National funeral held in Montreal for Claire Kirkland-Casgrain
MONTREAL – Hundreds of people gathered at the Marie-Reine-du-Monde Cathedral Saturday to pay their respects to a female pioneer.
Claire Kirkland-Casgrain was a woman of many firsts.
In 1961, she became the first woman in Quebec to be elected to the National Assembly.
She was also the first female cabinet minister, holding portfolios such as transport, tourism, communications and cultural affairs.
In 1973, she went on to become the first female provincial judge.
And on Saturday morning, she marked another first by being the first woman in Quebec history to be honoured with a national funeral.
“Today is a day for remembrance and gratitude from all Quebecers to a great person and a great woman in Quebec history,” said Quebec Premier Philippe Couillard.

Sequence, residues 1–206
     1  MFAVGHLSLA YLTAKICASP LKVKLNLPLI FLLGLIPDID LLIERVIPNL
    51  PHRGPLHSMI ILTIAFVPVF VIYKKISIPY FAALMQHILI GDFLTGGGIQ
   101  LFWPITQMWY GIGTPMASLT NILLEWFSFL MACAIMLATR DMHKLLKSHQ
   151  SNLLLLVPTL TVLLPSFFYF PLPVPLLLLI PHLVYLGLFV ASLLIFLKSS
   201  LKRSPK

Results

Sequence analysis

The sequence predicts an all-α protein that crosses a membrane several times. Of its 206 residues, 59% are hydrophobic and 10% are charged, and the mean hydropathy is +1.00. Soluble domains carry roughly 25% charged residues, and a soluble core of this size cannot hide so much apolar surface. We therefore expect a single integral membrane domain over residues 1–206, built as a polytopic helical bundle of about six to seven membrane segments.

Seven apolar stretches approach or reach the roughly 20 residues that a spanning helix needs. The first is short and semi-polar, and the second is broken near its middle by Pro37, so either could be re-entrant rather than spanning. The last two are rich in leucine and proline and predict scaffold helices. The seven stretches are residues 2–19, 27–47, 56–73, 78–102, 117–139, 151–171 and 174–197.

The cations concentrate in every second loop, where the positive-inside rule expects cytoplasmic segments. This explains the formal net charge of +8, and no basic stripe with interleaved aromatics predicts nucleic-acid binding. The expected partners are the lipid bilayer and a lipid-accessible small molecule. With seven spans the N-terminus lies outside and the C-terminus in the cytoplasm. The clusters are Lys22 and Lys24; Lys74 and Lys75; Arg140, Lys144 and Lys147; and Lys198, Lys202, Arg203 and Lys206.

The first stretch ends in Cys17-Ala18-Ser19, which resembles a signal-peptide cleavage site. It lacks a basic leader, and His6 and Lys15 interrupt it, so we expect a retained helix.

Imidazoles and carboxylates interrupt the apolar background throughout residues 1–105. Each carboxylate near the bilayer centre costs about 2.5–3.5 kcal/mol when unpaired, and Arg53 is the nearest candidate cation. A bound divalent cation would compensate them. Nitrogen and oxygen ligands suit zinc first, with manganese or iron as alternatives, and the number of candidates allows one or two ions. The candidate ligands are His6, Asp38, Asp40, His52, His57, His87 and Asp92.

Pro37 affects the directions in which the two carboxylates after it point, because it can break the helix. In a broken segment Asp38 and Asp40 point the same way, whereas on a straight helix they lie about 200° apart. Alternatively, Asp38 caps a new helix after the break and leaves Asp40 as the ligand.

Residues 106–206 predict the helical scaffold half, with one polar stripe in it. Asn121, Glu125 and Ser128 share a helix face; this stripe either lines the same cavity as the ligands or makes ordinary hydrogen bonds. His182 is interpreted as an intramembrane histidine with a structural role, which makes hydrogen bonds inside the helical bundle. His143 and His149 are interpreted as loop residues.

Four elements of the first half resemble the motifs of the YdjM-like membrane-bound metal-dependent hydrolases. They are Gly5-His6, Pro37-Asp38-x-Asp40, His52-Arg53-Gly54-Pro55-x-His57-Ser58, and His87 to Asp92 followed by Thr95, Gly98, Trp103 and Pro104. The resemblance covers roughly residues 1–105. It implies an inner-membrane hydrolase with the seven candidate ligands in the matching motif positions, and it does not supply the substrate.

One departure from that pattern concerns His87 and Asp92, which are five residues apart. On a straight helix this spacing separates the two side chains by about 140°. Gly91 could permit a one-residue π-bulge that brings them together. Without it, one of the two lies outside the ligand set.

Along with Couillard, other Quebec politicians were in attendance.
Former premier, Jean Charest described Kirkland-Casgrain as courageous and said her life is a marker in Quebec history.
“She was very courageous to open the way for a lot of other women who would follow behind and to work in an environment where she wasn’t always accepted or not automatically accepted.”
Also in attendance, Quebec’s first female premier, Pauline Marois.
She said Kirkland-Casgrain broke down barriers for women like her.
Marois said she met Kirkland-Casgrain a few times and she was always very pleasant.
She said she had a certain kind of character, which she believes one needed to have done what she did, in the time she did it.
Stéphanie Vallée echoed Marois’ comments.
“She really traced the way for us all and she was a great inspiration,” she said. “She went forward and decided to change things for the better.”
Beyond her incredible achievements, Kirkland-Casgrain was a loving wife, mother and grandmother and leaves behind her husband, three children and grandchildren.
Claire Kirkland-Casgrain died March 24. She was 91.
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